Volkswagen To Leave World Rally Championship
Yep, it’s Dieselgate’s fault againby Kirby Garlitos, on
The motor racing world is still reeling from Audi’s decision to leave endurance racing at the conclusion of the 2016 season and now, it appears that the bad breaks aren’t over yet. Volkswagen has also announced plans to exit the World Rally Championship after the 2016 season.
The revelation is no less shocking than Audi’s departure from endurance racing, including Le Mans, because of Volkswagen’s outright dominance in the WRC ever since it entered the rally series in 2013. In fact, since it’s arrival, Volkswagen has yet to lose a driver’s or manufacturer’s title, having won both championships for four consecutive years.
But apparently, even outright dominance in the WRC is no match from the debilitating fallout of the diesel emissions scandal, which the German automaker admitted as being one of the primary reasons behind its exit from the WRC. The departure is even more upsetting when you consider that Volkswagen won’t get to line up in the same grid as Toyota, which announced its return to the world’s premier rally series in 2017.
The good news is that Volkswagen’s involvements in the WRC and rally racing altogether aren’t going to be shut down completely. The company still plans to develop new rally cars, including the new Polo rally race that’s being developed to R5 specifications. But instead of having an actual team like it has done during its short-lived, four-year dominance, the German automaker will develop these rally cars for customer teams. In addition, the company said that its involvement in the Global Rallycross program will remain intact with the possibility of the program even expanding past its current capacity.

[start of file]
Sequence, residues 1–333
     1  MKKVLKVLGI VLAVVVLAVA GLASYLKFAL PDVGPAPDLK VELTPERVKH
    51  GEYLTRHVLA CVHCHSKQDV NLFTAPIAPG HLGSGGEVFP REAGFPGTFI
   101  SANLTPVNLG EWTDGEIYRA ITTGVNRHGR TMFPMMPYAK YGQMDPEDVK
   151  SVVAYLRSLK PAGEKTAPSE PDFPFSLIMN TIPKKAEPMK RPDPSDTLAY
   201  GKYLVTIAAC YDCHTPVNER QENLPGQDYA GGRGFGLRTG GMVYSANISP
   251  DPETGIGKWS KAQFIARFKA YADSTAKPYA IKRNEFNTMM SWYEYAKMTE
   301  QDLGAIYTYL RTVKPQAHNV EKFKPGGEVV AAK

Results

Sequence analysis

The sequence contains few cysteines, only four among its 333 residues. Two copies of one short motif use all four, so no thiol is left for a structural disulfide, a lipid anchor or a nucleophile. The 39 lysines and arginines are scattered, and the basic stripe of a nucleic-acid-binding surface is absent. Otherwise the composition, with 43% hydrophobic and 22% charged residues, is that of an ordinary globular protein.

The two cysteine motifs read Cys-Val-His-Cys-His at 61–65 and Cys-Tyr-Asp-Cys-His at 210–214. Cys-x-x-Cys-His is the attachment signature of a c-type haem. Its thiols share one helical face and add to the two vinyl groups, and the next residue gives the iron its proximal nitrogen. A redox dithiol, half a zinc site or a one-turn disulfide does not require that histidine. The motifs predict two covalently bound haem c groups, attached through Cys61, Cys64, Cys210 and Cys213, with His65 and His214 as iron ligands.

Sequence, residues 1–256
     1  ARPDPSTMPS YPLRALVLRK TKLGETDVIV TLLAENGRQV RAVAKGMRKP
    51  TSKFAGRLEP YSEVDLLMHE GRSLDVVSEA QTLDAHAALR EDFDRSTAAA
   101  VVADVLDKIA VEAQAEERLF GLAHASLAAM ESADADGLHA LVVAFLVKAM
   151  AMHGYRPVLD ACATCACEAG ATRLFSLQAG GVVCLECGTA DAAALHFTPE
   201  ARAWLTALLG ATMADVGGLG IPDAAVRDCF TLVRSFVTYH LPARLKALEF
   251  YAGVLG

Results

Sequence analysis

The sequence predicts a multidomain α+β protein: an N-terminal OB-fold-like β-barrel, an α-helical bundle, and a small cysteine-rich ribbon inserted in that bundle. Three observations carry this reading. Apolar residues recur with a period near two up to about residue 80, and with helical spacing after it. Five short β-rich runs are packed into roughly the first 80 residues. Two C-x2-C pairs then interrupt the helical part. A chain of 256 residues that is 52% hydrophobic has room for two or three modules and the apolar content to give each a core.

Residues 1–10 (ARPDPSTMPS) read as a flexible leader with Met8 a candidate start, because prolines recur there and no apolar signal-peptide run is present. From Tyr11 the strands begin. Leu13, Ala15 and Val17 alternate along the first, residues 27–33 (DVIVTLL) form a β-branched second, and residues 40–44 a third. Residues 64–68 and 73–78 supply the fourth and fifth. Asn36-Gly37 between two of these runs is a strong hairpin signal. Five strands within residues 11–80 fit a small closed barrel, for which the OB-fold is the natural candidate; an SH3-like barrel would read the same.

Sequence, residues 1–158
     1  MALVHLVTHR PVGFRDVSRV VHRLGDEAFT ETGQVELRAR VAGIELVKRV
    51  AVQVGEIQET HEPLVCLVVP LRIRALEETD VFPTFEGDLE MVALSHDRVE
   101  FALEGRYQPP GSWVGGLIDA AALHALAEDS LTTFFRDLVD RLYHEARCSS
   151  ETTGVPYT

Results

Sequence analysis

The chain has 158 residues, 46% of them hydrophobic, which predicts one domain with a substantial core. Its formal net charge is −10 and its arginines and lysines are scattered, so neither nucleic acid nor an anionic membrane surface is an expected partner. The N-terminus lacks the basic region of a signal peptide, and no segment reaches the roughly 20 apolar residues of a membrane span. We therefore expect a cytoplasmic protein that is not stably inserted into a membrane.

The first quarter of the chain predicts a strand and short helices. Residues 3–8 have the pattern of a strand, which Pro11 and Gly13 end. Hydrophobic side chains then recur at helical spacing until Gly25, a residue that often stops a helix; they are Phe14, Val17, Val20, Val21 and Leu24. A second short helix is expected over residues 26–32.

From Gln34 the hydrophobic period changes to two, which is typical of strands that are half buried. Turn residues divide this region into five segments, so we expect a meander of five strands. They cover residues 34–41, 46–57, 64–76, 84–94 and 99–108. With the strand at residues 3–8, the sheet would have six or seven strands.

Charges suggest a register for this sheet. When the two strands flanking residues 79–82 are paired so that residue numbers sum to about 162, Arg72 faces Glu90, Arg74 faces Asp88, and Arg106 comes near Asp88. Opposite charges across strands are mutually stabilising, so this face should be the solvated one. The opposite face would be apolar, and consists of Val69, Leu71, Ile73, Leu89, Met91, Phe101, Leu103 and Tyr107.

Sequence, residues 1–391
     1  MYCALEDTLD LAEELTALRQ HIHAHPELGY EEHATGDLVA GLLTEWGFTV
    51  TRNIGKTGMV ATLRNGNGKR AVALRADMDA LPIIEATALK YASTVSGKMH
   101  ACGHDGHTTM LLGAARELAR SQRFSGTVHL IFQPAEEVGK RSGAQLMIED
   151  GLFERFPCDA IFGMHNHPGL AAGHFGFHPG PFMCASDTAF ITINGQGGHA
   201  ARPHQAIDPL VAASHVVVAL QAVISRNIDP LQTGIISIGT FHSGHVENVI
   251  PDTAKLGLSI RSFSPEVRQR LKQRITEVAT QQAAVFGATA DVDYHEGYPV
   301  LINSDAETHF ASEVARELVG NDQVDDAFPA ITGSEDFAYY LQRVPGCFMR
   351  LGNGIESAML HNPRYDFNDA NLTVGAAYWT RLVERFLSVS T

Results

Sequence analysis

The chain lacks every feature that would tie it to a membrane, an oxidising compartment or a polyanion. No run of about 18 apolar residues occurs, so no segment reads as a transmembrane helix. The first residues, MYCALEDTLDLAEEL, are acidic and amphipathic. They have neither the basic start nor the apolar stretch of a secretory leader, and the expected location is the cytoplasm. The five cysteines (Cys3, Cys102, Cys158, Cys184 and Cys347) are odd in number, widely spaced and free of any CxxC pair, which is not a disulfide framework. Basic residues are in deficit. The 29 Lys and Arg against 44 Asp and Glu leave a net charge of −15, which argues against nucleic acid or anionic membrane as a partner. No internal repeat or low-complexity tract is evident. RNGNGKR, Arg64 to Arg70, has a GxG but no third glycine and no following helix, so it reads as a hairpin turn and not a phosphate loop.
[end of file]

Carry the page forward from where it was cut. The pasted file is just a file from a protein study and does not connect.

So that’s the good news here. The bad news is that we won’t get to see Volkswagen compete in the WRC as its own team anymore, leaving behind the possibilities of what a Volkswagen-Toyota rally battle could have become.
Continue after the jump to read the full story.
Expected, but still surprising
I will attest that I’m not as big of a fan of the World Rally Championship as I am of Formula One or Formula E, but I have kept tabs in the series long enough to know Volkswagen’s four-year run of dominance. From a competitive balance point of view, not having Volkswagen in the picture could be seen as a positive thing given that the rest of the field would have a more even playing field to compete in. But still, that doesn’t erase the fact that not having the four-time defending champion in the grid next season is going to be a tough sell to fans of the series.
It’s unfortunate but it’s the reality of what Volkswagen is going through right now. The company also said that in addition to the diesel emissions scandal, it’s shift towards new technologies, including electrification, is another reason behind the decision to drop out of the WRC. There’s also the belief that from marketing and promotional perspectives, Volkswagen doesn’t really need the WRC to increase its exposure in Europe where the series is most popular. People already know about Volkswagen there and other markets like the U.S. and China where the company needs more brand-building, the WRC isn’t that big of a deal so the exposure on that front is minimal.
Whatever the company’s reasons are, I’m sure it was well thought-out given what it was dealing with. It sucks if you’re a fan of Volkswagen’s WRC racing team, but sometimes, bigger and more important things take precedence over motor sports.
Read our full review on the Volkswagen Polo WRC here.